126.96.36.199.4. Optimal Loading and Maintenance Dosages of Clopidogrel.
Some have suggested that the loading and maintenance doses of clopidogrel should be altered to account for potential reduced responsiveness to clopidogrel therapy or that some subgroups of high-risk patients should be treated preferentially with prasugrel.78 Accordingly, the optimal loading and short-term maintenance dosing for clopidogrel in patients with UA/NSTEMI undergoing PCI is uncertain.
Loading and short-term maintenance doses of clopidogrel were studied in CURRENT-OASIS 7 (Clopidogrel optimal loading dose Usage to Reduce Recurrent EveNTs–Organization to Assess Strategies in Ischemic Syndromes), with published data demonstrating a potential benefit of higher-dose clopidogrel in patients with definite UA/NSTEMI undergoing an invasive management strategy.28,96 The CURRENT-OASIS trial randomized 25 086 patients with ACS who were intended for PCI and who were not considered to be at high risk for bleeding to receive higher-dose clopidogrel (600 mg loading, 150 mg daily for 6 days, 75 mg daily thereafter) versus standard-dose clopidogrel (300 mg loading, 75 mg daily) as part of a 2×2 design that also compared maintenance higher-dose ASA (300 to 325 mg daily) with low-dose ASA (75 to 100 mg daily). All patients received ≥300 mg of ASA on Day 1 regardless of randomization after Day 1. The primary endpoint of the trial was the combination of cardiovascular death, myocardial (re)infarction, or stroke at 30 days. Although the overall trial96 failed to demonstrate a significant difference in the primary endpoint between the clopidogrel and ASA groups (4.2% versus 4.4%), the PCI subset (n=17 263) did show significant differences in the clopidogrel arm.28 The primary outcome was reduced in the PCI subgroup randomized to higher-dose clopidogrel (3.9% versus 4.5%; P=0.035), and this was largely driven by a reduction in myocardial (re)infarction (2.0% versus 2.6%; P=0.017). Definite stent thrombosis was reduced in the higher-dose clopidogrel group (0.7% versus 1.3%; P=0.0001), with consistent results across drug-eluting stent versus non–drug-eluting stent subtypes. Higher-dose clopidogrel therapy increased major bleeding in the entire group (2.5% versus 2.0%; P=0.012) and the PCI subgroup (1.1% versus 0.7%; P=0.008). The benefit of higher-dose clopidogrel loading was offset by an increase in major bleeding.96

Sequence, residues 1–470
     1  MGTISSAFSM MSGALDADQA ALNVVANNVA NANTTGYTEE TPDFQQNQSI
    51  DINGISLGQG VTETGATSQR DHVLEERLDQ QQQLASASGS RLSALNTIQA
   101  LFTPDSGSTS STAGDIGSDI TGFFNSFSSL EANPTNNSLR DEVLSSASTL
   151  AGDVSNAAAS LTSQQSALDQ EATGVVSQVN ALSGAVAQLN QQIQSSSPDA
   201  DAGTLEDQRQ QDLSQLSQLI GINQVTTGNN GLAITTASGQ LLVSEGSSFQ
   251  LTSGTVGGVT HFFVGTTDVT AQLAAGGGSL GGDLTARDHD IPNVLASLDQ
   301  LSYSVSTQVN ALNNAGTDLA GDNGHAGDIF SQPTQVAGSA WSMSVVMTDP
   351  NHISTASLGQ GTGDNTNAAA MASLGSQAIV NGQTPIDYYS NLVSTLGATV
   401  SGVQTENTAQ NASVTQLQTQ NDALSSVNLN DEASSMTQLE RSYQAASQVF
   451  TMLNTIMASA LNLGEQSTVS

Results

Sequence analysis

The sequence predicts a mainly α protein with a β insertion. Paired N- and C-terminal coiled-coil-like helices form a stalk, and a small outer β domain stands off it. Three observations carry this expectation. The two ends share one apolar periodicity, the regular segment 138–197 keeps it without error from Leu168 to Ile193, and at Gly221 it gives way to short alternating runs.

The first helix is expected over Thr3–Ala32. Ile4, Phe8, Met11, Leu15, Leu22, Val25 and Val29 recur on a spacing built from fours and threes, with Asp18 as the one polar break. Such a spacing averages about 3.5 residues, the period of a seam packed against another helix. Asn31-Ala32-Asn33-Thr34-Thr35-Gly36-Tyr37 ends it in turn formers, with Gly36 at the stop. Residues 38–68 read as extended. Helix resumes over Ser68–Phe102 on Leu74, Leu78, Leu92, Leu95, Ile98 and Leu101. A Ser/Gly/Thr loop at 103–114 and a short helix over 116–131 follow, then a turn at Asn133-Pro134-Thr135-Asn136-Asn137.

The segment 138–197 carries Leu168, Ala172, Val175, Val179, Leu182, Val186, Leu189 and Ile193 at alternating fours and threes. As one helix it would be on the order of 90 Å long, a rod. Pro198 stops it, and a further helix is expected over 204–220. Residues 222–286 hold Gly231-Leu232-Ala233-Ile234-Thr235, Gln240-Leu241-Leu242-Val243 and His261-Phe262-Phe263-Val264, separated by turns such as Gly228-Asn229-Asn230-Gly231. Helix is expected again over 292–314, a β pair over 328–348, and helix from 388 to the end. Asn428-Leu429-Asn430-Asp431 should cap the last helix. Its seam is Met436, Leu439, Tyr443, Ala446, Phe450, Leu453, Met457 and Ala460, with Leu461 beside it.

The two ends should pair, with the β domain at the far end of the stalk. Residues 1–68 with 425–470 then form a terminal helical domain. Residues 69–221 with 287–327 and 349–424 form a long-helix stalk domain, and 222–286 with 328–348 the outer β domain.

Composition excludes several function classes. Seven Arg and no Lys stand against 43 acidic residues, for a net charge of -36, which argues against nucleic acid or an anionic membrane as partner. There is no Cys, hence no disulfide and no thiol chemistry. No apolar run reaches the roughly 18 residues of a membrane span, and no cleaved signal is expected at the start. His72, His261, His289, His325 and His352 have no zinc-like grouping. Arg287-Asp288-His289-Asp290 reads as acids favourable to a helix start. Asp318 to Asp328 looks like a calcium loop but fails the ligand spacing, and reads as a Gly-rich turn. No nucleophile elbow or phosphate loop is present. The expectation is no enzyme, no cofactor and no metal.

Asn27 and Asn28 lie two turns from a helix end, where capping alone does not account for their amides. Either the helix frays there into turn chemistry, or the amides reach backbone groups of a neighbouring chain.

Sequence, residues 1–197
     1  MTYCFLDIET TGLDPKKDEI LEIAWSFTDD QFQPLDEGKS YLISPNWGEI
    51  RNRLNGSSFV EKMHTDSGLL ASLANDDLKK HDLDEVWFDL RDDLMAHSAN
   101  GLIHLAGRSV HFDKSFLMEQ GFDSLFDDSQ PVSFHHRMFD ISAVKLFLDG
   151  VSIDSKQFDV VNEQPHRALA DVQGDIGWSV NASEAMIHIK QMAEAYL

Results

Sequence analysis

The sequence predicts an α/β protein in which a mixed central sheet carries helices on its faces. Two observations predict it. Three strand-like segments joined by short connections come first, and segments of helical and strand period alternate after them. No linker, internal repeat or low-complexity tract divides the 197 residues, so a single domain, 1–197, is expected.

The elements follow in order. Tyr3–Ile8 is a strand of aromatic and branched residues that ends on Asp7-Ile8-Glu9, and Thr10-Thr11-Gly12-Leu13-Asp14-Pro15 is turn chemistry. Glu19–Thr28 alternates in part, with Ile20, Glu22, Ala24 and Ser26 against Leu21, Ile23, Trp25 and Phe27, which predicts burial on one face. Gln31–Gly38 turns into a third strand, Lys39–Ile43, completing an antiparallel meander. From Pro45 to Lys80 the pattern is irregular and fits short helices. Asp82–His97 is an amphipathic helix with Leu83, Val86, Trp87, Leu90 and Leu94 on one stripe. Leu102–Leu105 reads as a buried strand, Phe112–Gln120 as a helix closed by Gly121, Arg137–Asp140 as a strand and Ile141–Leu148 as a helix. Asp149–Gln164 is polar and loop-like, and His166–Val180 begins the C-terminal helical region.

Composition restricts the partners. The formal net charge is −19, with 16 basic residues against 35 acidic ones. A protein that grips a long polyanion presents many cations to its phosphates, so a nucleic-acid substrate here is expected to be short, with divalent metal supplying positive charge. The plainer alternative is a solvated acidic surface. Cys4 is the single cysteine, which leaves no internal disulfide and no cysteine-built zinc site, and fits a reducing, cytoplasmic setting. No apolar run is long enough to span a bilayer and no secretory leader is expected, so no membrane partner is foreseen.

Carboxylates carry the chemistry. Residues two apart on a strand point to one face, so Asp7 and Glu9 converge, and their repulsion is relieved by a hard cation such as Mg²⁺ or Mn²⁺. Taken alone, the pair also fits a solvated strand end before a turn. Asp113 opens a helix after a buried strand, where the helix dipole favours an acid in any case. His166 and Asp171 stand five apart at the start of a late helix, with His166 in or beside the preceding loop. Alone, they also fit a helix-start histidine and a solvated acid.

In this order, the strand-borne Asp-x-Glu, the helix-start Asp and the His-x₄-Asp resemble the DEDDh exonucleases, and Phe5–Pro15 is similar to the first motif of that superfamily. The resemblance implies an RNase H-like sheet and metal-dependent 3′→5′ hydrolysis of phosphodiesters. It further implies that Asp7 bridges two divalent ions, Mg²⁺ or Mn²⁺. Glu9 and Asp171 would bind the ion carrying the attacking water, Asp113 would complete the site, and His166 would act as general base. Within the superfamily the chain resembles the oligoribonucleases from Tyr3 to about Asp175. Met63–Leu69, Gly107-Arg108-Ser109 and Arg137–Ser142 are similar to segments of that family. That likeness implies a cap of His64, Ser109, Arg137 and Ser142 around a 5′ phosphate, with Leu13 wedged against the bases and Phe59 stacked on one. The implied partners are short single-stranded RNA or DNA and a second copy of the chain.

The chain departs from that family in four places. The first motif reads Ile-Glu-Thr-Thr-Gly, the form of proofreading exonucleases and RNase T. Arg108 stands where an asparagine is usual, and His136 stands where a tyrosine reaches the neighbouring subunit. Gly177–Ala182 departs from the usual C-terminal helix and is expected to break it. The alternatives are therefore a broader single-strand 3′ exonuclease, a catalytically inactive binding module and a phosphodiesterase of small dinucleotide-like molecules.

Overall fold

As noted in the Dosing Table (Appendix 4), the current recommended loading dose for clopidogrel is uncertain. In addition, several hours are required to metabolize clopidogrel to its active metabolite, leaving a window of time where there is a reduced level of effectiveness even in patients who respond to clopidogrel.
188.8.131.52.5. Proton Pump Inhibitors and Dual-Antiplatelet Therapy for Acute Coronary Syndrome.